Looming eight metres high, Brett Whiteley’s giant pair of matches has become a Sydney landmark, marking the approach to the Art Gallery of NSW from Woolloomooloo.
Titled Almost once, the sculpture is Whiteley’s most significant outdoor work, and was created with his assistant Matthew Dillon. It was gifted to the Gallery in 1991 and installed the same year in its current location.
The matchsticks of the sculpture were created using Blackbutt timber, sourced from Grafton in regional NSW. The charred timber of the blackened match was created by suspending the timber matchstick using chains and burning it to a depth of about half an inch. The red head of the unburnt matchstick was made from shaped polystyrene and coated with fibreglass, polyester resin and paint.
As a timber sculpture, Almost once is vulnerable to deterioration. Over the years it has sustained damage from termites and tenacious cockatoos nesting in the timber and eating the sapwood. The paint and coatings have faded in Sydney’s harsh sunlight, the bright red head dulled to a dark pink, and the honey-coloured timber has weathered as the protective varnish has degraded.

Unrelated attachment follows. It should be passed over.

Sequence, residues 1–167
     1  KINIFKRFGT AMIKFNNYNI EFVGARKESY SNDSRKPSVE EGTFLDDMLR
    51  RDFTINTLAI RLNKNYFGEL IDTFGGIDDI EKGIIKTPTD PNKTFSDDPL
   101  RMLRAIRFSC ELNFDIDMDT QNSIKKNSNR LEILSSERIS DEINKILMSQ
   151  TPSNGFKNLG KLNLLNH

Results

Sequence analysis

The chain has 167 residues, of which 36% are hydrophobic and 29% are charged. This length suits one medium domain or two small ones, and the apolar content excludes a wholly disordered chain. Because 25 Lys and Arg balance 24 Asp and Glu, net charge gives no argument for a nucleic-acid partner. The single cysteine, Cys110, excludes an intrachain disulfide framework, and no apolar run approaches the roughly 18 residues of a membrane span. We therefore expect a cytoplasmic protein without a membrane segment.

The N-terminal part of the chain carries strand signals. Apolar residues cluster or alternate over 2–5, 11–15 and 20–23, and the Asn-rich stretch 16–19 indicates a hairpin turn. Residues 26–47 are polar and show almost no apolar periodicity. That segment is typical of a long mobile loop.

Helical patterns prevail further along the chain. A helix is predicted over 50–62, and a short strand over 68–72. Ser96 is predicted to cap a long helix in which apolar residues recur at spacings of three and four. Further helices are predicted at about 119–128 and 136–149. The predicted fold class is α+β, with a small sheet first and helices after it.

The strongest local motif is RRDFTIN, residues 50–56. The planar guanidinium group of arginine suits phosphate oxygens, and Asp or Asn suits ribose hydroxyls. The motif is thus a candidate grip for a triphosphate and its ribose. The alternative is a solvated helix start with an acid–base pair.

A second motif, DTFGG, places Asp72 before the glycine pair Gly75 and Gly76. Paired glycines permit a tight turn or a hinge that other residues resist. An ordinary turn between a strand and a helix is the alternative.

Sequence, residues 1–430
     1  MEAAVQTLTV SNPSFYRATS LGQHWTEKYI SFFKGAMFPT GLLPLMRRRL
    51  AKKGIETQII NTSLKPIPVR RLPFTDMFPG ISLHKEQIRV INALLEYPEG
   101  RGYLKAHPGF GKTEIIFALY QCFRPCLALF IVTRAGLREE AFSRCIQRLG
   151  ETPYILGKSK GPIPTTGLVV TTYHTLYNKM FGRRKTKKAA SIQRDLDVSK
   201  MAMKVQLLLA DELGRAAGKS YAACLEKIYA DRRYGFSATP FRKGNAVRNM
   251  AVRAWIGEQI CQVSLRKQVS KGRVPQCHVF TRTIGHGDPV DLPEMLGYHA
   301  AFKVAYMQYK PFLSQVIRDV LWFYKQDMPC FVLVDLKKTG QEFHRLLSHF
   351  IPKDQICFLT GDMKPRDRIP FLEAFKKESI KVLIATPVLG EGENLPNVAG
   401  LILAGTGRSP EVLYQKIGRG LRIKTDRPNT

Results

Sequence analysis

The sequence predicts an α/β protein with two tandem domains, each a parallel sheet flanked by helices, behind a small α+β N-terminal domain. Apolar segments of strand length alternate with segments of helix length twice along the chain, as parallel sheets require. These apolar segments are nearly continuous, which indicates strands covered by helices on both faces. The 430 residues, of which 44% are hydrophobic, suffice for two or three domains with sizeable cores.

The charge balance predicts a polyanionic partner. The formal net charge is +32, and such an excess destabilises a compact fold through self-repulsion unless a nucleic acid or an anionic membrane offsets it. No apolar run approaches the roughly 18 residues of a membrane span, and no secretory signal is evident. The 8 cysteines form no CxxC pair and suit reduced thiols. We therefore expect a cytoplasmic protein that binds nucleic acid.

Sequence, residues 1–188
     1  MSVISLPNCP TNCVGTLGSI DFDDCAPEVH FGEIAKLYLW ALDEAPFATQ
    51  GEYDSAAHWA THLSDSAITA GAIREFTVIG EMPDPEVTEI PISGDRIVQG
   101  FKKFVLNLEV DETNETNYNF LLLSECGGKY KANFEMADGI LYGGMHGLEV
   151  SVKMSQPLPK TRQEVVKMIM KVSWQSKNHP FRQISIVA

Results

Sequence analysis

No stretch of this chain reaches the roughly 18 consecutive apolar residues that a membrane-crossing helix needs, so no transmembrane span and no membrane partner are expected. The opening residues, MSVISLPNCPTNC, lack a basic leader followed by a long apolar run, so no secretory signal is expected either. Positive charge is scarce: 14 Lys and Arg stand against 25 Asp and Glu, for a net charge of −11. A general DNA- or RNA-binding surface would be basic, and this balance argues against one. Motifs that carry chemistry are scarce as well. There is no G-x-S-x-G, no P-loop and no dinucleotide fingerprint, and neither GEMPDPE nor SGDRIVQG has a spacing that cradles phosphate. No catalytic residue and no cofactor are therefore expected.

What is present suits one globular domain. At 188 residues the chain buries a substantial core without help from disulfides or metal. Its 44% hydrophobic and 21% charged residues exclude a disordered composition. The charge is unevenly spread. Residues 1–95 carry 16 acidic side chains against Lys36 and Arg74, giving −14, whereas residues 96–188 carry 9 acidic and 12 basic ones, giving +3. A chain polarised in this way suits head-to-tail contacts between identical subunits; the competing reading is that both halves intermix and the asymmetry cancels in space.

In 2017, extensive conservation treatment of the sculpture was undertaken, involving the expertise of many people – from timber specialists and engineers to painters, conservators, curators and the artist’s estate – with funding support from the Foundation benefactor groups Women’s Art Group and Conservation Benefactors.
Find out more about the project in our slideshow.